Urban emblems and logos, that appeared in the USSR during the late "thaw" and were accepted by local authorities without any interference from the central powers, in fact, marked the penetration of local authorities into areas that remain inaccessible until recently, which, in turn, challenged the authority of the central government. Their ambiguous legal status allows one to see how far such an unsanctioned initiative could go and how harshly the central government controlled the local governments.
A deep analysis of several cases (Lviv, Kyiv, Lithuania, Penza, Perm) allows one to also touch on the topic of Soviet subjectivity. Ideologues and authors of Soviet urban symbols, in their creativity reflect an alternative view of what it means to be a Soviet person, and their views differ from the models proposed from above. Regardless, the Soviet person becomes endowed with ever increasing, more than before, rights and increasingly is ready to defend these rights, while proposing an alternative understanding of what is local and regional in Soviet space history, and memory.
In his lecture, the researcher will explore the practices of conceptualizing and appropriating soviet space and what role local players had in shaping regional and national political memory, distinct from those imposed by the authoritative discourse which eminated from the central government. Local understanding of space and time normalized and rehabilitated the pre-soviet history of the city, incorporating, where possible, elements of the old symbols into the Soviet city seals, and sometimes, instead of their advertised purpose of develoing Soviet patriotism, they became instruments which nationalized regional policies, social life and culture.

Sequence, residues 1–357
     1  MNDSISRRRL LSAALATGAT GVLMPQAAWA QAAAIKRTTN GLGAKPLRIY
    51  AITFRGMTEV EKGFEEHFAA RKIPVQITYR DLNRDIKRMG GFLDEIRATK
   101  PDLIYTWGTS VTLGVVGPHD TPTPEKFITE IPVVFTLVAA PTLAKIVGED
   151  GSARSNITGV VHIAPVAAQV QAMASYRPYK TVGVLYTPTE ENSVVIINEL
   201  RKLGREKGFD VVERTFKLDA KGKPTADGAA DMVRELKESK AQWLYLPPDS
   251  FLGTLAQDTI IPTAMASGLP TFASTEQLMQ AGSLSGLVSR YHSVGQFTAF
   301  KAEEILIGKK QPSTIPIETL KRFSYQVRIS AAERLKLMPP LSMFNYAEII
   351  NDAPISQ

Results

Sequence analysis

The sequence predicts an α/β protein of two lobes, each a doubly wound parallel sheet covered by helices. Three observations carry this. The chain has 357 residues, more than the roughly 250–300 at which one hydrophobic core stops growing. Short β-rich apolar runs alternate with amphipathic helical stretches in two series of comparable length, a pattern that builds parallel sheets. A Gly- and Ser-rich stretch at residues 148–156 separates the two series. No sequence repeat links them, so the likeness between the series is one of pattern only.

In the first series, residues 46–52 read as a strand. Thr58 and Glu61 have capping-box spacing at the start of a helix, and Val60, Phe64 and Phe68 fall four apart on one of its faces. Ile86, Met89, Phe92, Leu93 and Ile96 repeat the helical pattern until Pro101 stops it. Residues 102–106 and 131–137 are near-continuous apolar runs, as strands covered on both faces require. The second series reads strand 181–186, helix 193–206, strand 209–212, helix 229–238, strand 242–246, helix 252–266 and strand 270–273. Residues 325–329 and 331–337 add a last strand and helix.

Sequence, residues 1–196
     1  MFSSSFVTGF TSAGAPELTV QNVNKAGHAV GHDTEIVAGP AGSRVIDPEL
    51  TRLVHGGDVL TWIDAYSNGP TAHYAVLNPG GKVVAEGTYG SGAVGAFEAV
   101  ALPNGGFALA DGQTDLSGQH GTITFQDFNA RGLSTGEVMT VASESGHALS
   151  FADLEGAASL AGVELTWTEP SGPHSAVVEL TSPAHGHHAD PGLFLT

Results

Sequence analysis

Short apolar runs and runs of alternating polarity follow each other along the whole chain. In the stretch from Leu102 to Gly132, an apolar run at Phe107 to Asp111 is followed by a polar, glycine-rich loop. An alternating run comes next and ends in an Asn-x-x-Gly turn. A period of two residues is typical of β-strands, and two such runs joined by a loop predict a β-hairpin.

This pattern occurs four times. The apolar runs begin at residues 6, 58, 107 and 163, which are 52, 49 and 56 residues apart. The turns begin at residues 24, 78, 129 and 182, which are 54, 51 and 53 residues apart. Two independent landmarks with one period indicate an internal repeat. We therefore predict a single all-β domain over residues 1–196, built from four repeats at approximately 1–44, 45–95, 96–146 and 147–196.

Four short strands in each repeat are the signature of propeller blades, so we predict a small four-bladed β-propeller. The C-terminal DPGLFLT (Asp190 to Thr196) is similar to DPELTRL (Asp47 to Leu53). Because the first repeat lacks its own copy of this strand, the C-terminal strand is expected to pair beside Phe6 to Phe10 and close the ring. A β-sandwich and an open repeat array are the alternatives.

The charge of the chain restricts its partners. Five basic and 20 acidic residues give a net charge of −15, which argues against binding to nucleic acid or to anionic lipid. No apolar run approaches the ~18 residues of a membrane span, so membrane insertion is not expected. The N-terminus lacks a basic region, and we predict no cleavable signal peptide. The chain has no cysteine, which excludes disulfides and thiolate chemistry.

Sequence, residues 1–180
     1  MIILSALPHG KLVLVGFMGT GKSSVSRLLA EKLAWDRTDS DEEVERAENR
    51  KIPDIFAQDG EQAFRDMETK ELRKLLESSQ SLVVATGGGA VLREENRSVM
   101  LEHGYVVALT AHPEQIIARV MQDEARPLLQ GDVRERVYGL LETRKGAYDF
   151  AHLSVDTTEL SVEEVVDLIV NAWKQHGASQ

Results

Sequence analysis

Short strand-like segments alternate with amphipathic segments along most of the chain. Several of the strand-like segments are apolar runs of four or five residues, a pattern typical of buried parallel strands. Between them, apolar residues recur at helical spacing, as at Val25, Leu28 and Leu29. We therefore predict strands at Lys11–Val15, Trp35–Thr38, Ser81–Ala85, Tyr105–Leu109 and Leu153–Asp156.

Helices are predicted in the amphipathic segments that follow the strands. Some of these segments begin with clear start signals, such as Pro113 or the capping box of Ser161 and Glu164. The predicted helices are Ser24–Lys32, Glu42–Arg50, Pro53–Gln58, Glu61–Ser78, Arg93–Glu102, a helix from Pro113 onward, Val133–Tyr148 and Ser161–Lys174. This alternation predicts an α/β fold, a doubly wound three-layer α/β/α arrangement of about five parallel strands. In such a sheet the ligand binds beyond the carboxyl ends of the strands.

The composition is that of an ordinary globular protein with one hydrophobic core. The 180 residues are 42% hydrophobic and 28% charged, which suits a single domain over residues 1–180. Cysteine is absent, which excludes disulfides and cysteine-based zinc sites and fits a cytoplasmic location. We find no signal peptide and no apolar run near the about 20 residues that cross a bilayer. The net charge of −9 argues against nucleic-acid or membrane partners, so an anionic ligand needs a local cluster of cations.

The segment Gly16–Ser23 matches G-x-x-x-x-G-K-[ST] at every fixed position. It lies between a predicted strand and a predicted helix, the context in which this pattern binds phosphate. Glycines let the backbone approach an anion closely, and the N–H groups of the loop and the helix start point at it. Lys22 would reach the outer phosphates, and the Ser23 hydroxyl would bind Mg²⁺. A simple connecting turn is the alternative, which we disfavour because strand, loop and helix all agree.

At The Center for Urban History he is working on research related to"Symbolic Appropriation of Soviet space: Soviet city symbols (1964-1985) and their creators".